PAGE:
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Miller For Grown-ups

January 18, 1987|MARC SHULGOLD

David Alan Miller is not only bicoastal in his musical activities--he's bi-generational. The 25-year-old musician has served for five years as music director of the New York Youth Symphony (the Big Apple's version of the American Youth Symphony here), while this season in Los Angeles he has been entrusted with the Los Angeles Philharmonic's Symphonies-for-Youth programs.

"In New York, I conduct (an ensemble of) kids for grown-ups, and in Los Angeles I conduct grown-ups for kids," Miller said with a chuckle during a conversation from his New York home. But that's not all. This week in Los Angeles, he will conduct grown-ups for grown-ups.

At the Philharmonic New Music Group program Monday at the Japan America Theatre, Miller will be on the podium for two works receiving local premieres: Steven Stucky's "Boston Fancies" and Gyorgy Kurtag's "Messages From the Late R. V. Troussova" (with soprano Susan Narucki, who sang the song cycle in Ojai last year, again serving as soloist). Chamber pieces by Berg and Frank Campo complete the agenda.

How did a young conductor manage to make the leap to such heady repertory? Miller admits that his 1985-86 stint as a conducting fellow with the Philharmonic Institute at Hollywood Bowl helped him get the attention of orchestra officials, but the key factor, he explained, was a novel aspect of his programs with his youthful New York ensemble. "We have a thing called 'First Music,' in which we commission a short piece by a young American composer each season. (Philharmonic composer-in-residence) John Harbison heard a couple of those tapes and invited me to conduct."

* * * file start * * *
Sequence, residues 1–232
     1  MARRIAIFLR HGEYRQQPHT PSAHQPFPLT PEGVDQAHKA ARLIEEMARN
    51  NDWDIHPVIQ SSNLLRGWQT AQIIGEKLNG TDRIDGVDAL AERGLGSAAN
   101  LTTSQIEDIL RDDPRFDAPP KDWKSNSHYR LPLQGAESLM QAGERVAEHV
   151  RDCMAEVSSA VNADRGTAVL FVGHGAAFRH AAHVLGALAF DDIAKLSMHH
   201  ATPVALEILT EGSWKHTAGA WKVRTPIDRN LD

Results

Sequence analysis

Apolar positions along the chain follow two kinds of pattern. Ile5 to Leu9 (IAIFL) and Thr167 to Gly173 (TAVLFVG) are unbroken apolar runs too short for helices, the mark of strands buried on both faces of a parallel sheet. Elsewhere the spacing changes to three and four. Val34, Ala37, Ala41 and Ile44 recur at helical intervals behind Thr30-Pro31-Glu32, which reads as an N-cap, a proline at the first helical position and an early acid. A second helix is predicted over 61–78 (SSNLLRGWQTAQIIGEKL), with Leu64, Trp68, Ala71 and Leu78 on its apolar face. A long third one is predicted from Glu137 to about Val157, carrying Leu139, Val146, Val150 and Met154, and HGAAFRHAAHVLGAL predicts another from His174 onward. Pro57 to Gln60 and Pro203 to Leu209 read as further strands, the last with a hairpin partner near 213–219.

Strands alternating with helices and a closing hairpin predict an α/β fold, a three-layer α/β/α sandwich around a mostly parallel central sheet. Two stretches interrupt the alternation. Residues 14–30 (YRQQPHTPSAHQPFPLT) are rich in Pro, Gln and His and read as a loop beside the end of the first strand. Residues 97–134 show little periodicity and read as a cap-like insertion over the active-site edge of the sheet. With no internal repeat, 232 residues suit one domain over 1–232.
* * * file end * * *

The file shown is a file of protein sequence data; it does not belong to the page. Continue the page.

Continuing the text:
With his valuable new-music experience, Miller noted, "I'm beginning to feel like a contemporary specialist. I'm starting to plug into a lot of trends."

Nonetheless, the former San Fernando Valley resident--he studied here with Fritz Zweig and later received degrees at UC Berkeley and Juilliard--noted that youth concerts remain his central activity in Los Angeles. Another in the always-sold-out Philharmonic series occurs Saturday morning at the Music Center, when TV weatherman George Fischbeck helps out in a program titled "Stormy Weather."

Philharmonic management, said Miller, has been "open to anything I'd do to attract young people's attention. I love that flexibiliaty."

Ideally, he added, he hopes to maintain a permanent East Coast/West Coast life style. No problem switching from young players (East) to older players (West), he pointed out: "There's not that much difference. Both groups are equally serious about wanting to make good music, about wanting to be inspired by their conductor."

AT THE PHILHARMONIC: David Atherton, music director of the mothballed San Diego Symphony, actually gets to work with an orchestra this week, leading the Philharmonic in concerts Thursday through Sunday afternoon at the Music Center. The program lists the West Coast premiere of Joan Tower's "Island Rhythms," Mozart's D-minor Piano Concerto (with Richard Goode as soloist) and Stravinsky's complete "Petrushka."

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